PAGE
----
ISBN 978-1-138-68710-3, £14.99, Emmy van Deurzen and Claire Arnold-Baker
Thirty years before this tiny, yet informative offering Emmy van Deurzen produced a book entitled Existential Counselling & Psychotherapy in Practice. In it she described the attitude of the existential practitioner – one of philosophical investigation rather than medical or psychological digging. She wrote about what should be the therapist’s chief focus: the client’s mode of being (discarding techniques and strategies in favour of reflection and exploration).
The human condition and how people create and destroy truth were her concerns; the practitioner helping the client understand him/herself and ultimately initiating the process of making the implicit explicit or providing a suitable stage for the client’s struggle. Converting perceived catastrophe into a constructive experience and accepting life as demanding and challenging, yet potentially rewarding were the modus operandi, the means by which a client nudged forward.
Being overwhelmed or weary were states of mind that needed addressing and understanding rather than discounting or correcting. What is wrong or missing? were the staple questions through dialectics that shed light on the client’s situation. Pertinent issues were there to be uncovered in a meaningful manner – not rushed or doubted, or met with shock and an inadmissible face. A therapist was to display humility before anything else – “the essential characteristic of the true philosopher”.
Existential therapy’s one constant is that human beings are intrinsically free – a condition less cramped than the classic Rogerian position of us having the capacity for freedom or the ability to attain freedom with the right level of growth or actualisation. This is further expounded by Stuart Greenstreet in his majestic piece ‘On Being an Existentialist’ which appeared in the August/September 2016 issue of Philosophy Now.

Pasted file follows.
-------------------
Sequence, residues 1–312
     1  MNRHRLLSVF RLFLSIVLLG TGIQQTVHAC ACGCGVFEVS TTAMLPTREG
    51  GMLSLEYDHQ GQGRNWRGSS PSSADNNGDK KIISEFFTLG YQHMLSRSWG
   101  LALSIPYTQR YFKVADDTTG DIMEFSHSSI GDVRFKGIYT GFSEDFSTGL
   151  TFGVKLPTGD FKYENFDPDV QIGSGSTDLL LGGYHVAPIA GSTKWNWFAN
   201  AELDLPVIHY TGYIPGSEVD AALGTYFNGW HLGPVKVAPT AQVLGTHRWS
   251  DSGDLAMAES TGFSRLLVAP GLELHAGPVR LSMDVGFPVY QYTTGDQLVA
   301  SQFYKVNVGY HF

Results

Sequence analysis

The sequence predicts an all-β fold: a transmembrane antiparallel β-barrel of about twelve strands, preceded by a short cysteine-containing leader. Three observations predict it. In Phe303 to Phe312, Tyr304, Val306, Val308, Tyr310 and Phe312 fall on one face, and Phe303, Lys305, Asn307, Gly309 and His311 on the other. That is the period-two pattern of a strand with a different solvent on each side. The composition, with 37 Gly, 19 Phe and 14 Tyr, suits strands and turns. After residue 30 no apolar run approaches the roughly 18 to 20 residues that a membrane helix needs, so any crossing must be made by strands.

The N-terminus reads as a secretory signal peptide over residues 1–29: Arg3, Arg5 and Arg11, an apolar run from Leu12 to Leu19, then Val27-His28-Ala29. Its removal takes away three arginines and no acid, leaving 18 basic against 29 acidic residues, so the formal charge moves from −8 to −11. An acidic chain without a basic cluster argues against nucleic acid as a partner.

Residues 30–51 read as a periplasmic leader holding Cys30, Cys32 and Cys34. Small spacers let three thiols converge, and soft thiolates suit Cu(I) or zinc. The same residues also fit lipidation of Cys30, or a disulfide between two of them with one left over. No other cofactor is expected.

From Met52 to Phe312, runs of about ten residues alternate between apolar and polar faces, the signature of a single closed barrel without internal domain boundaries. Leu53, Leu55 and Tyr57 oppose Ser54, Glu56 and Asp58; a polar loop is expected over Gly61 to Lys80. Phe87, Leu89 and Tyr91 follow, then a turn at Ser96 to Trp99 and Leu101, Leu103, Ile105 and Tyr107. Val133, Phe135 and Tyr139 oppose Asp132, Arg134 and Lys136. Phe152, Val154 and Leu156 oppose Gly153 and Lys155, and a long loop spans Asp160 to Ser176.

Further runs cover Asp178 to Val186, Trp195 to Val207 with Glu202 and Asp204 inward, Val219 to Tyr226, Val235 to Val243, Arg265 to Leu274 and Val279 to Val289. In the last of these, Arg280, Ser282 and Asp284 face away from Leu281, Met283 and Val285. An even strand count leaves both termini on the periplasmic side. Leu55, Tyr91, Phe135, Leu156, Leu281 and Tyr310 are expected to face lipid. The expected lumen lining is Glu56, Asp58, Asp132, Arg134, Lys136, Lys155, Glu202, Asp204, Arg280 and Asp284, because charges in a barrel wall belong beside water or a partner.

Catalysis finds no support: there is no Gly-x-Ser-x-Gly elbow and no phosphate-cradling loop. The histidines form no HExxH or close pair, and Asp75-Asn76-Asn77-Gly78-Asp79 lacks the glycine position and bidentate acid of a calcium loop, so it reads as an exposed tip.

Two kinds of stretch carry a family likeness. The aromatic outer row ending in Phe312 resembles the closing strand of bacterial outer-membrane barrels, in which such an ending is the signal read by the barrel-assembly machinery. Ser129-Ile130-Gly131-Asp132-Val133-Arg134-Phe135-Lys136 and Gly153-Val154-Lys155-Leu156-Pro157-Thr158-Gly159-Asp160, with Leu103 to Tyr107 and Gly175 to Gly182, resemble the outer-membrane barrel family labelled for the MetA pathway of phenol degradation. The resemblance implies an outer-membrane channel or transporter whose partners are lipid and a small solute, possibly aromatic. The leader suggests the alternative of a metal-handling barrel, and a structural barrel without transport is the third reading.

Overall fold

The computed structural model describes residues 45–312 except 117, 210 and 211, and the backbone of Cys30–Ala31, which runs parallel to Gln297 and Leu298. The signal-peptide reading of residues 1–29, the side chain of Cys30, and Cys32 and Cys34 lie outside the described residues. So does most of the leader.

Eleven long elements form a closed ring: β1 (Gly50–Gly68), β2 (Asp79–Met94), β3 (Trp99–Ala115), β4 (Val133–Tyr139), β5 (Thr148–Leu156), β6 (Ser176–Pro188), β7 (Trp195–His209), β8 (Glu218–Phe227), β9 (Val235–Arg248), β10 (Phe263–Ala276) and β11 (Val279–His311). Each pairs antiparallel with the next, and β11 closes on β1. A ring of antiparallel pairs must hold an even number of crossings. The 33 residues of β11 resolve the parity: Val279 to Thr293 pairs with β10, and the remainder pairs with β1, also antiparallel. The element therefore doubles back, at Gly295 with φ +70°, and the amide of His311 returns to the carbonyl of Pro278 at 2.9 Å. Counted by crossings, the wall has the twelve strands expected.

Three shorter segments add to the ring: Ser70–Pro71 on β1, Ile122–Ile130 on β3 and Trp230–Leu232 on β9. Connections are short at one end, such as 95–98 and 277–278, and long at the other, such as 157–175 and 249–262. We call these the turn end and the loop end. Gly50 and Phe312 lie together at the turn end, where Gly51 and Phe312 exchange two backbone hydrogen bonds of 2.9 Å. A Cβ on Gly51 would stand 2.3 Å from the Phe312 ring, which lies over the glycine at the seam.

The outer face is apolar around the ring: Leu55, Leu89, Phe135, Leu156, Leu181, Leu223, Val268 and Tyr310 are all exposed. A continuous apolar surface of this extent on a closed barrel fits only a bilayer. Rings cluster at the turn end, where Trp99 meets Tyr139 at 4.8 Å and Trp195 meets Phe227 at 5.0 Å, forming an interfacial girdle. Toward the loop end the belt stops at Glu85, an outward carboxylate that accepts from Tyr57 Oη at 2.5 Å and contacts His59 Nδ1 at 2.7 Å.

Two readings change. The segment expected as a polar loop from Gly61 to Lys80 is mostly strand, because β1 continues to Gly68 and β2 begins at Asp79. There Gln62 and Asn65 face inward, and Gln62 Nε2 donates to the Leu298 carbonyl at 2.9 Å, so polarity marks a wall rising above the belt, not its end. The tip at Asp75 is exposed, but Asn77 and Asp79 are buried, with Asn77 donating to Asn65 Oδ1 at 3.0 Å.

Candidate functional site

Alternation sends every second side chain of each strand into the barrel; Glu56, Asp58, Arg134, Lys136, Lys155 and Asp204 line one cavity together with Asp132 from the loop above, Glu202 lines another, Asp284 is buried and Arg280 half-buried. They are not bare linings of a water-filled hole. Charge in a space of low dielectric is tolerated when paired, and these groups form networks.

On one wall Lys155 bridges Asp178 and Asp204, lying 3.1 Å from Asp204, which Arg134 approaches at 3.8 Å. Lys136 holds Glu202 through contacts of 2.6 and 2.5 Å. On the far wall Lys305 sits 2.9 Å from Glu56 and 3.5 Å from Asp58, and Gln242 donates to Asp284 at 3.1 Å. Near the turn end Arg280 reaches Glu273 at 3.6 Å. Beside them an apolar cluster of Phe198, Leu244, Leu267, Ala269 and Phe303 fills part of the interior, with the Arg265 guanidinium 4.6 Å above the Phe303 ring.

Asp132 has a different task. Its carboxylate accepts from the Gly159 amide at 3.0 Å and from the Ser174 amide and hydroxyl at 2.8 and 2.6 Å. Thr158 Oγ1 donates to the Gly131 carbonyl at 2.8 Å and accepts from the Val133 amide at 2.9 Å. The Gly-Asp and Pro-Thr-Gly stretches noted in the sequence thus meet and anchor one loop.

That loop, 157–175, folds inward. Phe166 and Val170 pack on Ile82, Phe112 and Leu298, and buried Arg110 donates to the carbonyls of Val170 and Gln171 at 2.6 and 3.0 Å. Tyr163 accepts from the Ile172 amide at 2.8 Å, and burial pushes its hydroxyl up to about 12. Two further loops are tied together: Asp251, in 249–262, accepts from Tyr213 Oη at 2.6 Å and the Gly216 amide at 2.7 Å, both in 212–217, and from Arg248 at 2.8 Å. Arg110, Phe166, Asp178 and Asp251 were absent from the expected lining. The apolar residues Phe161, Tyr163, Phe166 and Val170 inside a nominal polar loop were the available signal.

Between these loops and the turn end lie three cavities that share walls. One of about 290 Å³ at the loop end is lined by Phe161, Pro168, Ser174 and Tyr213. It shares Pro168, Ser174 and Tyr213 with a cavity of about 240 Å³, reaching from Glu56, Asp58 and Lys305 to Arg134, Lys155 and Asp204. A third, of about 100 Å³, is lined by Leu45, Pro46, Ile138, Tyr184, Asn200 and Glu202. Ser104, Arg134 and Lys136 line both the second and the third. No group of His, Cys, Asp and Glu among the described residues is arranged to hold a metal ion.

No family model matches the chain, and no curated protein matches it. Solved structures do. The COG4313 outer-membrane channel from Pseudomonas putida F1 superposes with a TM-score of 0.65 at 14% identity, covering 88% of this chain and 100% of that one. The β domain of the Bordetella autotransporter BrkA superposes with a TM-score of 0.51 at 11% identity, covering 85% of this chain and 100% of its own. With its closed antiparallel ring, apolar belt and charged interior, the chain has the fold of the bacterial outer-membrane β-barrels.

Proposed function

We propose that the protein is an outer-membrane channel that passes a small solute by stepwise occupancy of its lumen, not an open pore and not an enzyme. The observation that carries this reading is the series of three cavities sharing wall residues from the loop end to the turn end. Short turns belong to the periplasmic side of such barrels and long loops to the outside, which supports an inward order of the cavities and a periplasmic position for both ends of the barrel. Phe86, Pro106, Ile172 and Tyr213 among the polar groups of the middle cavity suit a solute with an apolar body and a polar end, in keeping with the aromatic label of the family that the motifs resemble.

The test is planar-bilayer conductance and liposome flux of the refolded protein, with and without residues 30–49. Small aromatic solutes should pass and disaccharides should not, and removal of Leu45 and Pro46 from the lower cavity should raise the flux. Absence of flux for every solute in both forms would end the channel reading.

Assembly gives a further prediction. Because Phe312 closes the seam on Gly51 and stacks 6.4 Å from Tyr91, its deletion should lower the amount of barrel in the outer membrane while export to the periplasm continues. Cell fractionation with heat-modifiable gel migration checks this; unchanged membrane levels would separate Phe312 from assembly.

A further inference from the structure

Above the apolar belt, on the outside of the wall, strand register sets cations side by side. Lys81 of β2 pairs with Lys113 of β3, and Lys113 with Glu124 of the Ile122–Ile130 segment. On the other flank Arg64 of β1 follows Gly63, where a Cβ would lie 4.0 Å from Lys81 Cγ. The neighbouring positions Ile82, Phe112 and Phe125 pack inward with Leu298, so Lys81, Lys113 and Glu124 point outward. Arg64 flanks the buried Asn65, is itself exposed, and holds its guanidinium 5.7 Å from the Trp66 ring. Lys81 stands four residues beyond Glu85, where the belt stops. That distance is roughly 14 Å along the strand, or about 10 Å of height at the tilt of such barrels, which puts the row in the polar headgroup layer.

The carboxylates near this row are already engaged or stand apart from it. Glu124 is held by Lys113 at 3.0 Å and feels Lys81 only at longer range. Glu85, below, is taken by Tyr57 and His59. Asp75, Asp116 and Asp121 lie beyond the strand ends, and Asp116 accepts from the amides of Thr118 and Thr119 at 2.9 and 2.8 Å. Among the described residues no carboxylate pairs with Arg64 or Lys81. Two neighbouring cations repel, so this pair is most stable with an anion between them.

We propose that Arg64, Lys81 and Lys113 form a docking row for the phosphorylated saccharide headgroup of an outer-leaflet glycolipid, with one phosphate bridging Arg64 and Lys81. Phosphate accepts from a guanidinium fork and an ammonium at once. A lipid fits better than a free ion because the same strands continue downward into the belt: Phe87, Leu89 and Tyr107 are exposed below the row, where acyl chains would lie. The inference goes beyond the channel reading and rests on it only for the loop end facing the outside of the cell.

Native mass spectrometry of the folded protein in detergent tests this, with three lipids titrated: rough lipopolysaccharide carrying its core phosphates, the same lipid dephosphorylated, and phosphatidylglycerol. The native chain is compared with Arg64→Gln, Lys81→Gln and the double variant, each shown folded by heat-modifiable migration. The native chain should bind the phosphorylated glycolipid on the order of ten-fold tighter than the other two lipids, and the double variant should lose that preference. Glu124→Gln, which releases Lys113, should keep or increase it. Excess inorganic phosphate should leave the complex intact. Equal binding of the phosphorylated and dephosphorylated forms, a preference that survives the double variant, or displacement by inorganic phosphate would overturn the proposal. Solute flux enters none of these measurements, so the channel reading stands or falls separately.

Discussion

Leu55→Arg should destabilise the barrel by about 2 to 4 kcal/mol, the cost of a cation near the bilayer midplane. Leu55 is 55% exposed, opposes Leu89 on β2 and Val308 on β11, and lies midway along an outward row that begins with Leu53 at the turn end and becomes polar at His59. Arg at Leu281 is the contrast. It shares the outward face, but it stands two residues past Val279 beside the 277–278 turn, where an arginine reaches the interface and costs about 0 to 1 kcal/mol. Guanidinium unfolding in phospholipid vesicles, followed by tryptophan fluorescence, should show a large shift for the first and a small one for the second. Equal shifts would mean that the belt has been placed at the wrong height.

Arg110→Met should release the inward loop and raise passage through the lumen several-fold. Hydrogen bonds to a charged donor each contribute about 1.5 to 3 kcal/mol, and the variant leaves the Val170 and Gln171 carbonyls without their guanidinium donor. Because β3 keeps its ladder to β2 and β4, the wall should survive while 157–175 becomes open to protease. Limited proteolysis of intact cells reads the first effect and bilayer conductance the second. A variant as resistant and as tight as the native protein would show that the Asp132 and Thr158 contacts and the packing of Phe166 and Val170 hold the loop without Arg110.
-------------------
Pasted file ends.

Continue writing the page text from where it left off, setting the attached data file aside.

Greenstreet emphasises one of existentialism’s most fundamental claims that “no objective moral order exists, independent of humanity”. He goes on to write that it is therefore futile to seek a code of behaviour outside of ourselves. We create our own value which satisfies a single governing norm known as ‘authenticity’ (being oneself).
What does this have to do with van Deurzen and Arnold-Baker’s Existential Therapy? Well, it lays the groundwork. It provides important context. It leads us to Chapter 12 of the authors’ book in which authenticity and existential guilt are discussed with reference to two of the founding fathers, Soren Kierkegaard and Martin Heidegger.
By choosing ourselves – prompted by freedom and responsibility – we experience anxiety, Heidegger asserted. But this is better than distracting ourselves, falling in with others and becoming an anonymous self. Authentic choices are often hard, but on a foundational level they satisfy us and provide oxygen to the ‘call of conscience’ within.
Existential Therapy is not van Deurzen’s most substantial contribution to this field (absent is the rigour and detail of her other works), however, it is a timely reminder in this technological age that we diminish if we allow determinism and the disapproval of others to predominate.
This review was first published in Private Practice, September 2019 issue, © BACP